OPINION | Stories of three Minnesotans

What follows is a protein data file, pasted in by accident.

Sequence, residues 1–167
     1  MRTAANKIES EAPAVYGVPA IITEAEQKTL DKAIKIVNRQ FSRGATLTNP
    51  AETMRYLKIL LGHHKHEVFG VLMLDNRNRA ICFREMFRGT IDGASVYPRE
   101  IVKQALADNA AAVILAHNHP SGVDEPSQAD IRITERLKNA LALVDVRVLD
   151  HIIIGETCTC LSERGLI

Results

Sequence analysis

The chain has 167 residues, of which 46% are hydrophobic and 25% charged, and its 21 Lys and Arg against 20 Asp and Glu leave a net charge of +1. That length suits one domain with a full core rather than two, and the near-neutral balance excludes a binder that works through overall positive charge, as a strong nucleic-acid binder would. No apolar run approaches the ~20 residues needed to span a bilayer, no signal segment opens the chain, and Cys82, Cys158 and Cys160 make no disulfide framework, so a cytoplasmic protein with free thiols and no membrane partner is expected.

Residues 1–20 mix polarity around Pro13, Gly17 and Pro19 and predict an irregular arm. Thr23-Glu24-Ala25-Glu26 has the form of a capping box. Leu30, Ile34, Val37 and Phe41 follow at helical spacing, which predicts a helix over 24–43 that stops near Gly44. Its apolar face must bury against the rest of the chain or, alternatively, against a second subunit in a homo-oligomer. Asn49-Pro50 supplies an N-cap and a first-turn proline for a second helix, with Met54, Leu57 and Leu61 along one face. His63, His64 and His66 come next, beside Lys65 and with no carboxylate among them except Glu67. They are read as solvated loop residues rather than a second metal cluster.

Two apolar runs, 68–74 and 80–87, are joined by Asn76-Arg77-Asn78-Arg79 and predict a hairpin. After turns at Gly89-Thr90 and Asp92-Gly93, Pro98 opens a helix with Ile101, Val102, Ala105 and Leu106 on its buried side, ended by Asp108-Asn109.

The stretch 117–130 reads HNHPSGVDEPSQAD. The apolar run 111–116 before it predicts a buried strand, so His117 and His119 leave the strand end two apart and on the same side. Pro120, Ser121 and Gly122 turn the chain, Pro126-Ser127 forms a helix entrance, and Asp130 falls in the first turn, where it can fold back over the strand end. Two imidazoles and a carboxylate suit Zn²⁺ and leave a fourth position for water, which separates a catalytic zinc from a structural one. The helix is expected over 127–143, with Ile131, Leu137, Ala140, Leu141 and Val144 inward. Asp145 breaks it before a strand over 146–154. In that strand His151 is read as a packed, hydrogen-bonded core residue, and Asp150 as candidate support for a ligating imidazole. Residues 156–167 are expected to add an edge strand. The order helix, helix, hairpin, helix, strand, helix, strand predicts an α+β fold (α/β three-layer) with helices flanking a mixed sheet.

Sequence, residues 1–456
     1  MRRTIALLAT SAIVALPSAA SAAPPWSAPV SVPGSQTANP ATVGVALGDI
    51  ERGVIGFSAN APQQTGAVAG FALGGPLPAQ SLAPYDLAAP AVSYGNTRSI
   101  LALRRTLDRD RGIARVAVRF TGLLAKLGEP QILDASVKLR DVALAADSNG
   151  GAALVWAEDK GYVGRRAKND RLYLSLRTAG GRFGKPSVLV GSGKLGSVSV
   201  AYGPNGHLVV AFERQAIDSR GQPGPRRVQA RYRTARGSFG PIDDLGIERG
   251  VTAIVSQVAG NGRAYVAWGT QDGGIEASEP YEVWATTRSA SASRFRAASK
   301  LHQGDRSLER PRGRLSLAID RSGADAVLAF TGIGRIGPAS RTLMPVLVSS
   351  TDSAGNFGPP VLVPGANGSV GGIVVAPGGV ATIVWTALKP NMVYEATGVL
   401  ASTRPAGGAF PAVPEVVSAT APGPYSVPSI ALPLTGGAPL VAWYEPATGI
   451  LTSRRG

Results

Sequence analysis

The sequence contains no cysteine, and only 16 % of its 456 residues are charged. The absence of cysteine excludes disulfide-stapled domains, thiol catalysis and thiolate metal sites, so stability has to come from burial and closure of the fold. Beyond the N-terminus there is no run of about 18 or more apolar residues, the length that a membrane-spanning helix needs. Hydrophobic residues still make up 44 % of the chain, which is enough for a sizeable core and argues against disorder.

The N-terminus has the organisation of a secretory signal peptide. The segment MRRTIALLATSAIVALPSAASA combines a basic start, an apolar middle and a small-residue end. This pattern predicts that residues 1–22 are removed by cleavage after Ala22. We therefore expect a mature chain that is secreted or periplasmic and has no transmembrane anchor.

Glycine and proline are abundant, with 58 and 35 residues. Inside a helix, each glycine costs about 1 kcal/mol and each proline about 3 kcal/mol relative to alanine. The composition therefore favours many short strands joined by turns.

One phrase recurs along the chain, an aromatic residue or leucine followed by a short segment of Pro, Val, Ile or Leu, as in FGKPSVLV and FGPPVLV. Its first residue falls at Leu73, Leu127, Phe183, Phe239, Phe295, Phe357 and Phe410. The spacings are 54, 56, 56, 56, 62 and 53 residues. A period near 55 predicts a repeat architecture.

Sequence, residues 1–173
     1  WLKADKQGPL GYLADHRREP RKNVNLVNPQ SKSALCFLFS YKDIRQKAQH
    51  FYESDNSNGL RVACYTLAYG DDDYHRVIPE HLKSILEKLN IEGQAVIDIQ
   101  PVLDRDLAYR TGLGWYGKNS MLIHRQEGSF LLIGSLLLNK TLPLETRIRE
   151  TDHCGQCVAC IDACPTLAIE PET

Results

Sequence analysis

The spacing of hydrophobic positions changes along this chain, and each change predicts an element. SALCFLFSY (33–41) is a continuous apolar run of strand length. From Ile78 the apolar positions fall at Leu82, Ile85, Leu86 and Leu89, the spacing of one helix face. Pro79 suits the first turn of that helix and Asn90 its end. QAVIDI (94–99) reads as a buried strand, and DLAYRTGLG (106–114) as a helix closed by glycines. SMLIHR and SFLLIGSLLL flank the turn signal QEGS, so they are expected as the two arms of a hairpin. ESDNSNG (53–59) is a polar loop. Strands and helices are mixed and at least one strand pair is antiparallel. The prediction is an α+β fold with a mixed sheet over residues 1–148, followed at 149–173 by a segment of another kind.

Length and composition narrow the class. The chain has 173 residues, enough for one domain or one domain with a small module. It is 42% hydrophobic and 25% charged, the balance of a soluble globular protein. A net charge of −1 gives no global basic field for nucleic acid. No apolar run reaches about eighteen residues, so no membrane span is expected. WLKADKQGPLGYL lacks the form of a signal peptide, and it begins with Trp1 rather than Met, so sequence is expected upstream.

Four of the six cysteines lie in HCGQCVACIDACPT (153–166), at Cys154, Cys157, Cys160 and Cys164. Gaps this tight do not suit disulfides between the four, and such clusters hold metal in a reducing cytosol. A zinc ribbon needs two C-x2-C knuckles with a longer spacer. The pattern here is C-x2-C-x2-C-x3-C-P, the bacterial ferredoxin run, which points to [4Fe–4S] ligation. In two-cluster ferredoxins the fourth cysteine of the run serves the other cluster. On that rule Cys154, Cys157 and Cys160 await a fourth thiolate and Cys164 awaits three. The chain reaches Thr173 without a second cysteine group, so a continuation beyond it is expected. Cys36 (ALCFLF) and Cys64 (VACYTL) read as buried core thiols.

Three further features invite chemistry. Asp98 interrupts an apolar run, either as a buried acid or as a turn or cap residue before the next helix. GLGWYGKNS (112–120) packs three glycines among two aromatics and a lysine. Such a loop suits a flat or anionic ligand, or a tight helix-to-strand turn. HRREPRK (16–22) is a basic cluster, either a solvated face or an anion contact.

Freddy* worked all of his adult life, primarily in factory jobs – until he developed glaucoma.  He has lost 35% of his eyesight, is unable to work and must turn to the state’s General Assistance program for $203 a month, while the two-year process of determining his eligibility for federal disability support moves through the system. Angie* has gone through intensive therapy for disabilities caused by anti-psychotic medication used to treat her mother before doctors realized she was pregnant.  Angie is an adult now and able to walk and talk, but still suffers seizures and developmental delays.  She is also the mother of three-year old twins, whom she is raising thanks to support services.  Angie and her children live on a combination of her disability income and their state assistance that totals less than $14,000 a year.  Gregg* is the CEO of a major Minnesota corporation. He earned $25.2 million last year. Guess who the Minnesota Legislature thinks should solve our state’s $5 billion deficit?: Freddy and Angie, and others in similar situations – the poorest and the sickest. They are the ones to solve a shortfall caused by the economic downturn that has left the state short of revenue. The legislature proposes eliminating General Assistance for adults who are unemployable because of disability or incapacitating illness. Instead counties would be left to decide whether to provide any assistance to these adults with block grants that total $20 million less than the state currently invests. Continue Reading